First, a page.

Food production has a significant impact on the environment, it accounts for 26% of global greenhouse gas emissions and 70% of fresh-water use. It’s essential for your business to understand its responsibility in tackling this issue.

One-third of all food produced is wasted, causing 6% of global emissions, highlights the urgent need to tackle this problem.

In the UK, 9.5 million tonnes of food are thrown away, with 70% happening in households, and 1.5m tonnes going to waste in manufacturing, which directly hits your bottom line.

However, these challenges also offer opportunities for the food sector to take the lead in reducing waste, increasing profitability, meeting customer expectations and regulatory requirements.

Reducing food waste is a triple win for businesses, these opportunities include:

Climate Solutions:

Halving food waste by 2050 has been shown to be the best way to cut emissions significantly and tackle climate change, this is a major priority for the industry.

Beyond financial returns, waste reduction plays a crucial role in reducing resource use and emissions link to issues such as deforestation and land-use change. This can result in a company purchasing fewer raw materials, which is a great benefit for companies that want to reduce their Scope 3 emissions.

Profitability Gains:

Investing in waste reduction isn’t just environmentally responsible; it pays financially. Every £1 invested in reducing food waste returns an average of £14, showcasing the potential for significant profitability gains.

Addressing Food Insecurity:

Waste reduction is not only an environmental issue but also a social one. The industry can reduce food waste, be sending at risk food to surplus redistribution which can help to alleviate food insecurity, foster community engagement, and reinforce corporate social responsibility.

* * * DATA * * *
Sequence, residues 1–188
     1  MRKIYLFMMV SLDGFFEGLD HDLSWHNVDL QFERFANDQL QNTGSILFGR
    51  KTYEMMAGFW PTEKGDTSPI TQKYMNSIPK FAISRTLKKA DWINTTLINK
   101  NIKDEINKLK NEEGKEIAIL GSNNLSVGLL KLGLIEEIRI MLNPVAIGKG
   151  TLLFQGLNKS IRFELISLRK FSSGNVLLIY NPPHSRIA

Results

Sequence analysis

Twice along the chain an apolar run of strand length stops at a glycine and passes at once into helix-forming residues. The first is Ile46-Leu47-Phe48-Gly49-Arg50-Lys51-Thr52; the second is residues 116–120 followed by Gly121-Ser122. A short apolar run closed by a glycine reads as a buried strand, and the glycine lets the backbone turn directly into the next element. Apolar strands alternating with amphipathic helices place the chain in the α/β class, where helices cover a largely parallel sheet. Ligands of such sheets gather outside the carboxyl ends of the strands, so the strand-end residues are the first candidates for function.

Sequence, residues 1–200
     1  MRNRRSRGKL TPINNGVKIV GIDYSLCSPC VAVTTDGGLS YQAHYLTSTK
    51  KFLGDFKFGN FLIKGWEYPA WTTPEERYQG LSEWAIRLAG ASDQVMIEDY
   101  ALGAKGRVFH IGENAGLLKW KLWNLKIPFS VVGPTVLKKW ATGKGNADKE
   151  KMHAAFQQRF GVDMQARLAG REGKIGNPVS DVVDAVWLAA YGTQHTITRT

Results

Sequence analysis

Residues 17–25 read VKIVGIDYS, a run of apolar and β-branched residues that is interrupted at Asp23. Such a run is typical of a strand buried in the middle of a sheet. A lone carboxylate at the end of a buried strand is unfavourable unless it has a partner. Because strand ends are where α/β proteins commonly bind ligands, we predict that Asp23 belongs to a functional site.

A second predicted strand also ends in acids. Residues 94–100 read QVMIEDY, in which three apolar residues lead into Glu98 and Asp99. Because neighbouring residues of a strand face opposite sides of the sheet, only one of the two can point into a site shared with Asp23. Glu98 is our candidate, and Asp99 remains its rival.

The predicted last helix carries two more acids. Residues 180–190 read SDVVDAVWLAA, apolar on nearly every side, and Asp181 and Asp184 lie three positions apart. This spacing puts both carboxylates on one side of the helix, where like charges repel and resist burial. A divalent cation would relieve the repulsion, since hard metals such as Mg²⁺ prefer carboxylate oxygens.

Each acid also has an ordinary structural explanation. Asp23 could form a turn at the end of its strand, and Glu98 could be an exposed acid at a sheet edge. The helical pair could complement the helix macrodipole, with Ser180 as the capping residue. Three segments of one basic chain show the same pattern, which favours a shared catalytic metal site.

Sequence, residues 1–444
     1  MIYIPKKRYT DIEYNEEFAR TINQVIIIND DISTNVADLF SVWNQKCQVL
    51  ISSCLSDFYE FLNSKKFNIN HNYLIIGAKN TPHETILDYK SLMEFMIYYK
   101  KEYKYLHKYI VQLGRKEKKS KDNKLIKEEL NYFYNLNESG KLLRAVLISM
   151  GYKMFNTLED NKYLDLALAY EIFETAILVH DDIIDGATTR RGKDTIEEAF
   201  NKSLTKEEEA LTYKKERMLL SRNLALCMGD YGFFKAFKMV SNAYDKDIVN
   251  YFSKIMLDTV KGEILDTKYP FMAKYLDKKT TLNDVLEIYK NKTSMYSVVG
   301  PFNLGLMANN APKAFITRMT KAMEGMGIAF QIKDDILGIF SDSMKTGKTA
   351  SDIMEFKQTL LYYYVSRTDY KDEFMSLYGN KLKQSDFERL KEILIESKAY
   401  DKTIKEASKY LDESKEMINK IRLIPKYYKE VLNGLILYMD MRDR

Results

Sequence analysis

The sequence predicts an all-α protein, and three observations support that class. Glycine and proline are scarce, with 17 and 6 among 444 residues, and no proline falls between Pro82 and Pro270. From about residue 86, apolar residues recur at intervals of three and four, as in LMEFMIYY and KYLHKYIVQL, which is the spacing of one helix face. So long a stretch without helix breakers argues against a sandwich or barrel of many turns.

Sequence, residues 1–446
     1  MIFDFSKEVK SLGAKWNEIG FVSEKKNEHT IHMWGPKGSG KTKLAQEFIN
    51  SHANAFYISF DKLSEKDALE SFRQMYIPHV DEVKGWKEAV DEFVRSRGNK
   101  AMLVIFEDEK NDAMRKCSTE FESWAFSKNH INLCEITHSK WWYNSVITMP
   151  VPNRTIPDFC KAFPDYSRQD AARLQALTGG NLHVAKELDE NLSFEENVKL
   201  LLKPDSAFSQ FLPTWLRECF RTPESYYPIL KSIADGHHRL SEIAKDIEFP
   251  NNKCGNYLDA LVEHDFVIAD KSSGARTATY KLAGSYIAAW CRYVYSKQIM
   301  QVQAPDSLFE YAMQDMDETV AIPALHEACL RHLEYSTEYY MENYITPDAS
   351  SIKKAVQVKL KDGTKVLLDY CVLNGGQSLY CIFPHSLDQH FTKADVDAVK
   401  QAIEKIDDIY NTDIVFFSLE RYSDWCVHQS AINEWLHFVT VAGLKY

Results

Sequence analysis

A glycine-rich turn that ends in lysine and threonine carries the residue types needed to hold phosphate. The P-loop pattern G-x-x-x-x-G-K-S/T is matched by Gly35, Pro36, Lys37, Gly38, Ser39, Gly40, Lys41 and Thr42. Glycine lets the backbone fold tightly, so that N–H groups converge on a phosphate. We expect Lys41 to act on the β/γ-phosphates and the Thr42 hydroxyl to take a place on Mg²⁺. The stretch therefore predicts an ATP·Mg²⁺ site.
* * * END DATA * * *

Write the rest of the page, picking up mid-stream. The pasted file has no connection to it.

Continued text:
How to Identify and Reduce Waste:

Holistic Measurement and Reporting:

Food waste is often measured and reported based on disposal route data. Bridging the gap between reporting and understanding the root causes is essential for effective reduction strategies.

Analysing Commercial and Operational Processes:

Commercial and operational processes can indirectly contribute to food waste. A thorough examination of these processes is necessary to identify and address the underlying issues.

Data-Driven Insights:

Utilising management data is instrumental in pinpointing waste hot spots, identifying trends, and uncovering opportunities for improvement.

Hands-On Approach:

Walking the production line and engaging in discussions with colleagues provides invaluable insights into the daily operations, helping to identify and quantify reduction opportunities.

Leveraging Existing Data Sources:

Various existing data sources, such as material write-off reports, stock reconciliation reports, production data, and more, can be tapped into to identify waste and the collaborative teams needed to address it.

The challenges posed by food and agriculture’s environmental impact and waste generation are formidable, but within these challenges lie opportunities for transformation. By committing to ambitious climate solutions, capitalising on profitability gains, and adopting data-driven waste reduction strategies, the food sector can pave the way towards a sustainable and resilient future. The time to act is now, and the benefits extend beyond the balance sheet, encompassing a healthier planet, thriving communities, and a robust industry leading by example.